Why third-party browsers on iPhone matter

  • In iOS 17.4, Apple will allow full versions of third-party browsers such as Chrome and Firefox to be used on iPhone.
  • But only available to EU users.
  • The current version of Chrome for iOS is just Safari with a few bells and whistles.

Apple will soon allow alternative browsers on iPhones thanks to new European Union laws aimed at curbing bullying, overreaching tech companies. These are the correct versions, not the watered-down Chrome and Firefox-shaped skins used on Safari so far.

The Digital Markets Act (DMA) is far-reaching EU legislation aimed at forcing big tech companies to open up their closed platforms and better respect user privacy. It's a massive set of laws that we'll certainly be discussing again in the coming months, but today we're looking at the new requirements that force Apple to allow alternative browsers on iPhones. As we will see, this can have some great advantages for the user, but there are also some disadvantages. Let’s dig a little deeper.

"Although there are currently multiple web browsers on iOS, they all use Safari's rendering engine WebKit under the hood. This is because Apple does not allow other browser engines to be used on the platform. This will change in the EU, meaning ( For example) Google Chrome on European iPhones can use Google's rendering engine, which has interesting implications for web applications, as some web applications don't run on Safari but do on Chrome, Firefox and Edge." Jason Snell, an Apple reporter at the time, wrote an article on his Six Colors blog.

The biggest difference is that Apple now allows the use of third-party rendering engines in the browser. Although you can now download Chrome for iPhone and iPad, it actually still uses Safari's Webkit engine to render web pages. On a Mac, PC or Chromebook, the Chrome browser uses Google's Blink rendering engine. The engine takes raw HTML, CSS, JavaScript, etc. and converts it to text, runs any included software code, etc. It's like a tiny operating system that sits inside the browser.

By now, Apple has absolute control over all code running on an iPhone or iPad, which is why this is so important. To understand what a browser can do, just think about a Chromebook, which is a computer that can do almost anything you can do in a web browser.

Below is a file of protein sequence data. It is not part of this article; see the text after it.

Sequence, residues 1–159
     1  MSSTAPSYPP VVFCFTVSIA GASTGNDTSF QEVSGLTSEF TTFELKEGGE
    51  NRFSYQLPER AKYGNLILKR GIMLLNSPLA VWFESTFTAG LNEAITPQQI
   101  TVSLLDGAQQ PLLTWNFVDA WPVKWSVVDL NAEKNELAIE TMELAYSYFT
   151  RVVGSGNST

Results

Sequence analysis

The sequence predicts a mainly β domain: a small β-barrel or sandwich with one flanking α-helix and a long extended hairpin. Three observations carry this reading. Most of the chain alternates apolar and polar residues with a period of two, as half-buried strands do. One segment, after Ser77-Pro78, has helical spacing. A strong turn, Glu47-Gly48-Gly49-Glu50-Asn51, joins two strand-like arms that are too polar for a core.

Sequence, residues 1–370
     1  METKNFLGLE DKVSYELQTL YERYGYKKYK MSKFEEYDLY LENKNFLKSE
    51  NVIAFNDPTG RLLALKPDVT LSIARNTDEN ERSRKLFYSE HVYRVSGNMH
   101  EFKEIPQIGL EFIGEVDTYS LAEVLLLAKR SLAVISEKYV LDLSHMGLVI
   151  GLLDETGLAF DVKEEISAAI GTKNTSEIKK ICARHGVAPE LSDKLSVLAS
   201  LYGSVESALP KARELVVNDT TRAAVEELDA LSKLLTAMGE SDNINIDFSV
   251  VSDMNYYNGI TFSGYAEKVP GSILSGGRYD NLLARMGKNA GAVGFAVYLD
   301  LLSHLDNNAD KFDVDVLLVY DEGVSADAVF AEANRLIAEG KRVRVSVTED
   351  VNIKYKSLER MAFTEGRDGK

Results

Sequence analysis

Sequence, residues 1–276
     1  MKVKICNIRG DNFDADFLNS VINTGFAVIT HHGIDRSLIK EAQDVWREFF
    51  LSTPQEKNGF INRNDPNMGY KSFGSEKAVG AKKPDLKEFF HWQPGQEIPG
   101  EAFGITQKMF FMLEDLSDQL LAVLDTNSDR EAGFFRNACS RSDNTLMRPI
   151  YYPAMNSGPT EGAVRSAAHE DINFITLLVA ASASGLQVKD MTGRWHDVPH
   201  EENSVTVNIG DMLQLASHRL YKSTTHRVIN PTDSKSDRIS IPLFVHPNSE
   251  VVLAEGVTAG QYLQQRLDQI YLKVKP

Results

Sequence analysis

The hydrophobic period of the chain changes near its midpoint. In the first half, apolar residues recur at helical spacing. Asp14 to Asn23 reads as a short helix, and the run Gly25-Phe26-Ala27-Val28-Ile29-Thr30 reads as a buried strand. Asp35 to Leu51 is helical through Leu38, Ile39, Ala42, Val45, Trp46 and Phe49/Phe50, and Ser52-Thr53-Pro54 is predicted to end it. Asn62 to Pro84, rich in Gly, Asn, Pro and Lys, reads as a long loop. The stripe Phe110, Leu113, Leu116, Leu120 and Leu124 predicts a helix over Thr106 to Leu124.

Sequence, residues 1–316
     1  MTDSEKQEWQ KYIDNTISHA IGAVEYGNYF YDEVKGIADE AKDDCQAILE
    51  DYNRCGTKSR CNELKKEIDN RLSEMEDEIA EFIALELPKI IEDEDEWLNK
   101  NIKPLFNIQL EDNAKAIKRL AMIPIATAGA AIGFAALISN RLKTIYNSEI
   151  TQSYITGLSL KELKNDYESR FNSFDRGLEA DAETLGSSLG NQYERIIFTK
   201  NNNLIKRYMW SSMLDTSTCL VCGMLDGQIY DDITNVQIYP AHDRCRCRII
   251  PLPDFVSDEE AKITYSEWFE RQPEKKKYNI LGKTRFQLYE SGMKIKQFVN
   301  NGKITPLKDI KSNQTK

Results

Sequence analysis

The version of Chrome you can get today is just Safari with Chrome features included. You can sync with the desktop version of Chrome, but you can't run Chrome plug-ins, and sites that only run in Chrome won't work here. The same goes for Firefox.

The advantages are obvious. If your default browser on your Mac or PC is Chrome, or if you run a Chromebook but prefer an iPhone to Android, everything should theoretically match. The thing is you have to be in the EU to take advantage of this.

You can also use features not available in Safari. For example, Web MIDI is a standard that allows you to play browser-based instruments using a MIDI piano keyboard. It is also used by websites to interact with hardware instruments and change their settings. Safari does not support WebMIDI on any platform, period. On a Mac, you just launch Chrome when you need it. Soon, the same option will be available on your iPhone.

There are also disadvantages. One is that Chrome is notorious for draining laptop batteries quickly, and that's likely to continue. Another reason is that Chrome doesn't respect your privacy compared to Safari. However, Apple will mitigate privacy and security concerns with some strict rules that apply to third-party browsers.

The first rule is that developers must apply for "rights" that allow them to put browsers on the platform. This obviously refers to Chrome, Microsoft, and Firefox, but it also applies to anyone else who wants to include the Chrome engine in their applications.

There are also many requirements for application functionality. For example, they must block cross-site cookies and must not share identifiers that can be used to track users.

These rules are so strict that Chrome on iOS may end up being the most secure version of Chrome anywhere. Combined with the possibility of getting Chrome's full feature set, or close to it, on iOS, this seems like a real win for users, despite Apple's displeasure.

MacStories founder and editor Federico Viticci said on Mastodon: “By 2024, all major third-party browsers (Chrome, Firefox, Edge, Vivaldi) will not support something as basic as showing the favorites bar in the iPad browser . ” “A…favorite bar. They’re stuck in a pre-iPad Pro world.”

Still, this is a great example of the benefits of tech regulation, and hopefully the U.S. government will follow Europe's lead and stop letting big tech do whatever they want.